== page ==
There are huge issues with costumed interpretation of course. Good interpretation is hugely expensive. The Historic Royal Palaces can afford to use them every day, but many other places can’t. But it can encourage return visits, and can, if successful, can generate more income for the institution. For each institution, it’s a difficult balance to draw, and a difficult investment to make.
Such activities have also in the past been seen as ‘dumbing down’ the past, and in some cases this is true. However, costumed interpretation, as RCMG found at Gressenhall Farm and Workhouse, can make concrete an abstract concept, can create a visual, sensory hook upon which to hang and develop ideas of the past. The research of RCMG, the Historic Royal Palaces, and Tony Jackson amongst others is beginning to show concrete evidence for its true and strong power, particularly for school groups, but also for other audiences. A strong visceral experience such as this provides can be a springboard into understanding and investigating those once remote and removed places, times and peoples. Successful interpretation can challenge stereotyped perceptions of the past, developing deep, faceted characters, and subtly changing people’s inaccurate ideas, without, of course, embarrassing them. They need to be able to use language which is appropriate to the times – so they do, in fact, on occasion use language which 21st century ears might deem offensive or unacceptable – but which is also understandable to the viewer. One of the strange temporal realities surrounding interpretation is, of course, language and translation – there would be very little point in the interpreter playing Henry II to speak the language of 12th century aristocracy, for the vast majority of the audience would have little idea of what they were saying. Justifiable anachronisms, therefore, have to be made.
For of course, as with any historic investigation, it is impossible to reach to the ‘real’ truth, and costs, practicality, and the impossibility of time travel preclude any completely accurate recreation of the past. However, if you’re willing to accept and admit that, you can open yourselves up to wonder. It depends, of course, on your definition of authenticity. For Mark, an ‘authentic’ recreation and re-enactment comes from understanding the bridges and links which exist between historic periods and the present day, but also from recognizing that we are not the same as they were, that we can never be them or understand their real position in the world. A positivistic approach to history will always be a flawed one: there are things, feelings, mental and social worlds which we can never know, even those which belong to people of our own time, let alone those of people who lived and died a thousand years ago. It is only if we, museums, audiences and interpreters, can accept that all our professional and worldly actions are, to some extent, those of translation, then we can begin to truly see the valuable and authentic which is only generated through make believe.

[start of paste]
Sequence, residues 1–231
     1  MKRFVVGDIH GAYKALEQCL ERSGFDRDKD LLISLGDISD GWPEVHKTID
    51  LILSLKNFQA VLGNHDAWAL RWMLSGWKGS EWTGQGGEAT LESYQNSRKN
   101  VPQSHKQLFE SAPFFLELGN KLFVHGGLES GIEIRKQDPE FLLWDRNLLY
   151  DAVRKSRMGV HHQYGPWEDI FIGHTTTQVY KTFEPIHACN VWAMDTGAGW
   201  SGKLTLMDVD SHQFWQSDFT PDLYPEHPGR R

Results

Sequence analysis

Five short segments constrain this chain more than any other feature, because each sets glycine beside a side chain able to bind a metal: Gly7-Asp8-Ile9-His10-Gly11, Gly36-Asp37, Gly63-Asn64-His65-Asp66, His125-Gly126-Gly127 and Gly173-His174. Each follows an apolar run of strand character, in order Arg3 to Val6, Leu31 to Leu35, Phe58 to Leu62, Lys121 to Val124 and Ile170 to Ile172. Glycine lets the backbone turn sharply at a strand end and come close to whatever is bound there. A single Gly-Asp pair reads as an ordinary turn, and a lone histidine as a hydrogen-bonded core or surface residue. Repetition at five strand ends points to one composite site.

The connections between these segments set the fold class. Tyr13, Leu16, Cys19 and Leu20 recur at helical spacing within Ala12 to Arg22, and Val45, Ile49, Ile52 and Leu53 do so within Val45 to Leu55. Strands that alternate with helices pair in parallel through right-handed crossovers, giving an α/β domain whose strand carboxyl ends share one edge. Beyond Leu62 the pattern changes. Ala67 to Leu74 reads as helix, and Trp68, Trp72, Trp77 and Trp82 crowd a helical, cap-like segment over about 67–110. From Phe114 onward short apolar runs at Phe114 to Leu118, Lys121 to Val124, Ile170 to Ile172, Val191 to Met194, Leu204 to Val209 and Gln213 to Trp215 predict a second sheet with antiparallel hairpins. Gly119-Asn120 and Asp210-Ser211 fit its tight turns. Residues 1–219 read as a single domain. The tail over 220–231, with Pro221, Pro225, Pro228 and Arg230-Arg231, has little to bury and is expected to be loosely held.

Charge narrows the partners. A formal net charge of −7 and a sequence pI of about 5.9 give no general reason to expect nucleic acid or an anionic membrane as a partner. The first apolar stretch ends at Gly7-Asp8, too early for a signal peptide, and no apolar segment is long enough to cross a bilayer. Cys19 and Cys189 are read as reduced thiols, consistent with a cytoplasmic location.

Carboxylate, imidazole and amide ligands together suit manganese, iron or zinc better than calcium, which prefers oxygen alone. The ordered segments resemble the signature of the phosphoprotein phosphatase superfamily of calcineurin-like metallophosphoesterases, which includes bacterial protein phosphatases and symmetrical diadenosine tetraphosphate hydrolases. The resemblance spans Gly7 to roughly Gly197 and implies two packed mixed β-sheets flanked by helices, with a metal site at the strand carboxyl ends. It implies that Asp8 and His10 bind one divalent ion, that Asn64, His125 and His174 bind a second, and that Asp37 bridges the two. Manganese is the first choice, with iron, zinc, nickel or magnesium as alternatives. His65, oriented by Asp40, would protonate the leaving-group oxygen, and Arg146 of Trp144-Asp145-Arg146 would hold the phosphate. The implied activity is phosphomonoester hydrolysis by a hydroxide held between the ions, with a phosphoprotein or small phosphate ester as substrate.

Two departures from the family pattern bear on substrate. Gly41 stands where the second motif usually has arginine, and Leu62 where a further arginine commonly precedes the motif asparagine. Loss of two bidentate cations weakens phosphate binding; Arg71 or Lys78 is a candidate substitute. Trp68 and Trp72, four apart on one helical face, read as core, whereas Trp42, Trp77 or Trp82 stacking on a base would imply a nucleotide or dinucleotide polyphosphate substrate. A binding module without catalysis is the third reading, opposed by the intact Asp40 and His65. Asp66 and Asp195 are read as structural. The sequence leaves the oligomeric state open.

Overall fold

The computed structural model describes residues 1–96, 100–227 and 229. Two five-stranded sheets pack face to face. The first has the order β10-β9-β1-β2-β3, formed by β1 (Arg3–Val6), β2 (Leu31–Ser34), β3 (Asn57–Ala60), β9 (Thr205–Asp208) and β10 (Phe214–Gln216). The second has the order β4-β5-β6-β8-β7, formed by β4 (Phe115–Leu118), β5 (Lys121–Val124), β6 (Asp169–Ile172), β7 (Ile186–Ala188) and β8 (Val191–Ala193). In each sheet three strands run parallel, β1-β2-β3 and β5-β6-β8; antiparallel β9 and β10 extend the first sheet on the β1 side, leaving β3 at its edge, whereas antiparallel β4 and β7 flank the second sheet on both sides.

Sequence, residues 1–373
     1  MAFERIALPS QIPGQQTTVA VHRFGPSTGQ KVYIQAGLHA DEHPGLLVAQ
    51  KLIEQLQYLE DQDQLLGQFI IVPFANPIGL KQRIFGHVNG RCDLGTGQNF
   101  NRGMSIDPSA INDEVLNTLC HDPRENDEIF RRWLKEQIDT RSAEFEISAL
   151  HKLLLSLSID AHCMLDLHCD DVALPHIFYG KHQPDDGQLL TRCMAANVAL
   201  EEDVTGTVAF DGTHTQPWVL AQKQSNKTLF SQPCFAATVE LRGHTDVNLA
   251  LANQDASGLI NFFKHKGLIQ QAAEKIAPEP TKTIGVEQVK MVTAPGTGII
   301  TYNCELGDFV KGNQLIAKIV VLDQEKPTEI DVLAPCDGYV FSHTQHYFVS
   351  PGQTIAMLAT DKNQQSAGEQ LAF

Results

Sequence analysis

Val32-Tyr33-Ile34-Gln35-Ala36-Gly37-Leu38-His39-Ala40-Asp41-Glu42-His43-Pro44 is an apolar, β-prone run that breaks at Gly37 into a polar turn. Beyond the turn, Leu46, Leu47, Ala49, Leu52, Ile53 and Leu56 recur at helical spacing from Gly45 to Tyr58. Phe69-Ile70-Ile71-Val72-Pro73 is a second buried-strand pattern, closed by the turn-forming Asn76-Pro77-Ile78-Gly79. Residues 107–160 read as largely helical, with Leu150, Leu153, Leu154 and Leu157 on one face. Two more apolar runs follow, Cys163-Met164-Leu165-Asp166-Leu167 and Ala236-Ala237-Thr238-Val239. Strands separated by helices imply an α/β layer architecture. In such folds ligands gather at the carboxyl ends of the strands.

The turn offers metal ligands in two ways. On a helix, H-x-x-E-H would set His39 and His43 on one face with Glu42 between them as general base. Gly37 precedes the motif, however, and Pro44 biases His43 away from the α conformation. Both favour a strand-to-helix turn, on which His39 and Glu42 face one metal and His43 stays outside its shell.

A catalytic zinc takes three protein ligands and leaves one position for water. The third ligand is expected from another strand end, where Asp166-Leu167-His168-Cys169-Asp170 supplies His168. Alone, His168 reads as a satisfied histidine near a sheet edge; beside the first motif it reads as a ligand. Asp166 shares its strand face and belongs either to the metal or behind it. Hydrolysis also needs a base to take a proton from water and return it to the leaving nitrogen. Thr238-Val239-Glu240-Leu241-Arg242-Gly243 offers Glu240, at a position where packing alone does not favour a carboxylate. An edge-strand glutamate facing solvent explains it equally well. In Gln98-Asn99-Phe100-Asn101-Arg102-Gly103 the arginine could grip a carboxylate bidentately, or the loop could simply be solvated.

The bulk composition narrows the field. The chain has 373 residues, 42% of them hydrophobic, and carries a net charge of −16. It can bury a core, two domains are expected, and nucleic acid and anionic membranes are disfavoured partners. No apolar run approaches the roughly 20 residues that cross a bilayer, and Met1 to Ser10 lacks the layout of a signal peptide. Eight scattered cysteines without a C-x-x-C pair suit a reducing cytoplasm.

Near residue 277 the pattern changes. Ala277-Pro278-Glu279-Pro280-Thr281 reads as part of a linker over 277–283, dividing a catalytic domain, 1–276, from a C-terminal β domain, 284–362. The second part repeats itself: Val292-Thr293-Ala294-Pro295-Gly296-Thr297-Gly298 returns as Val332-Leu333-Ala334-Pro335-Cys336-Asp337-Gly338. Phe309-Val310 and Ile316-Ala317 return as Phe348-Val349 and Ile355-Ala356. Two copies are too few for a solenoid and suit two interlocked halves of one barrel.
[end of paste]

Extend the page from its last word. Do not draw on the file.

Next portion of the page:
‘ “The artist,” Jonah attempted to explain, “is not like every other worker in society. The artist deals with reality: inner and outer reality transformed into meaningful symbols. Those who deal in money deal in symbols behind which stands nothing. It is wonderful to think of the thousands and thousands of Ninevite stockbrokers for whom reality, the real world, is the arbitrary rising and falling of figures transformed in their imagination into wealth – a wealth that exists only on a piece of paper or on a flickering screen. No fantasy writer, no virtual reality artist could ever aspire to create in an audience such as all-pervading suspension of disbelief as that which takes place in an assembly of stockbrokers. Grown up men and women who will not for a minute consider the reality of the unicorn, even as a symbol, will accept as rick hard fact that they possess a share in the nation’s camel bellies, and in that belief they consider themselves happy and secure.” ’ Alberto Manguel, ‘Jonah and the Whale’, pp.239-252, (p. 245), Into the Looking Glass Wood, (London: Bloomsbury Publishing PLC, 1999)